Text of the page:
The authors focused on a step of water-oxidation chemistry that occurs after O–O bond formation, hypothesizing that it relates to the role of calcium in the OEC: the formation of oxygen from a peroxide moiety (O22−). They added solutions of redox-inactive metal ions to a redox-active iron peroxide species, Fe–(O22−), and obtained complexes containing the Fe–(O22−)–M motif (Fe is iron; M can be ions of calcium, strontium, zinc, lutetium, yttrium or scandium). This series of compounds conceptually mimics a putative peroxide complex from the OEC, which allowed the authors to systematically compare the effects of the redox-inactive metals on the properties of these compounds (Fig. 1b, c). The models are structurally different from the OEC because they have one iron rather than four manganese ions. However, they distil the effect of redox-inactive metals on the peroxide moiety into a simple combination of two metal ions that is easier to interrogate than the OEC.

Using electrochemical analysis, Bang et al. showed that the redox-inactive metals have a significant effect on electron transfer to and from the complexes. The propensity of the complexes to be chemically reduced (that is, to accept an electron) increases with the Lewis acidity of the M ion. Conversely, the ease with which the complexes are oxidized (an electron is removed) shows the opposite trend: the researchers observed an oxidation event in the presence of calcium or strontium ions, or in the absence of a redox-inactive metal, but not when the M ion was a stronger Lewis acid (zinc, lutetium, yttrium or scandium). Similar effects have been invoked previously to unravel the role of calcium ions in the OEC, in studies of complexes containing oxo (O2−) or hydroxo (HO) motifs instead of peroxide moieties4,5,6,7,8,9, but this is the first detailed study of a series of peroxide species in this context10,11.

So what does this mean for oxygen release from the complex? In agreement with the electrochemical results, Bang and colleagues observed that the complexes incorporating zinc, lutetium, yttrium or scandium ions did not react with a chemical oxidant (ceric ammonium nitrate), so no oxygen was produced. By contrast, treatment with the same oxidant led to oxygen release from the calcium and strontium complexes, and from Fe–(O22−) that was not bound to a redox-inactive metal ion.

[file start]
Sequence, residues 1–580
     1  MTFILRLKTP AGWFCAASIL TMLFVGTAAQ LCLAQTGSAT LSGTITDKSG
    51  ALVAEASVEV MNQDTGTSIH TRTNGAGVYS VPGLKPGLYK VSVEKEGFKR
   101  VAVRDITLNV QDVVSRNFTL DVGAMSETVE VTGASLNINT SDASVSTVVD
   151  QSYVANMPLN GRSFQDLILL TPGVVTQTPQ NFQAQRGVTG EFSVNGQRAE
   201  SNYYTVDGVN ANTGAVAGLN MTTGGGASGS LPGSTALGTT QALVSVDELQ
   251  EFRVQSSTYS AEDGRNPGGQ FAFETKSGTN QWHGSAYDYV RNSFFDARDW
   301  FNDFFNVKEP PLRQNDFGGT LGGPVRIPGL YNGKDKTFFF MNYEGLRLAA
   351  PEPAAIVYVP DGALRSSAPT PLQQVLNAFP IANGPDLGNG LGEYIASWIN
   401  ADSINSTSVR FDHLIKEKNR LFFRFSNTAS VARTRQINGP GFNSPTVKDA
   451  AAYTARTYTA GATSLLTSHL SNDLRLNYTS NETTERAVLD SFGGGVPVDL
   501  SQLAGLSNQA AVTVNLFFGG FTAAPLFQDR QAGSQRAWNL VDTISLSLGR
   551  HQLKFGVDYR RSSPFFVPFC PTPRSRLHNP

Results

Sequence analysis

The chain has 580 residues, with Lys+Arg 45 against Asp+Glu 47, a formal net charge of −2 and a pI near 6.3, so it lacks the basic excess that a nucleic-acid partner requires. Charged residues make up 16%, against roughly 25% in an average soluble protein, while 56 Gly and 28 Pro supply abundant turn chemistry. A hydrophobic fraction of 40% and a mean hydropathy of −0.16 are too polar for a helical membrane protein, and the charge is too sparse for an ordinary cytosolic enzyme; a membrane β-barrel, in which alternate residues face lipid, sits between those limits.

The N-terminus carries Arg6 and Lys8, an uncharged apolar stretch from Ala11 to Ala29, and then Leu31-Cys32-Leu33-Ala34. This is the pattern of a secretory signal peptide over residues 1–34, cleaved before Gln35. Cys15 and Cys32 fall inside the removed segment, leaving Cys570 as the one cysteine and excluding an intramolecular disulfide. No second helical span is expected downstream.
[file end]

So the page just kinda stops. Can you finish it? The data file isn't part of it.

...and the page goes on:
The effects of calcium and strontium ions are of particular interest because they are biologically relevant: calcium is the native component of the OEC, and strontium is the only metal that can replace calcium and still generate a functional catalyst. Notably, the authors' calcium and strontium complexes not only have similar electrochemical properties, but also allow oxygen production from peroxide. The parallels between the biological and synthetic systems suggest that the study's conclusions may extend to the OEC — although the more complicated structure of the OEC and the different metals within it will affect the interactions with, and the chemical reactivity of, the peroxide moiety.

Do the findings reveal the mechanism of water oxidation? Not completely, but they shed light on the terminal step of the process. The observation that the iron peroxide compound can be oxidized to generate oxygen molecules in the absence of any redox-inactive metal implies that the role of calcium ions in PSII cannot be to promote oxygen release alone. As the authors assert, the crucial point is that the calcium ion does not hinder oxygen release, whereas metals that are stronger Lewis acids do. The most elusive step in the water oxidation reaction, the formation of the O–O bond, remains a challenging but key target for future studies. Bang and colleagues' work nonetheless provides an insightful contribution to the debate about the role of calcium ions in PSII.


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Correspondence to Theodor Agapie.

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Lionetti, D., Agapie, T. How calcium affects oxygen formation. Nature 513, 495–496 (2014).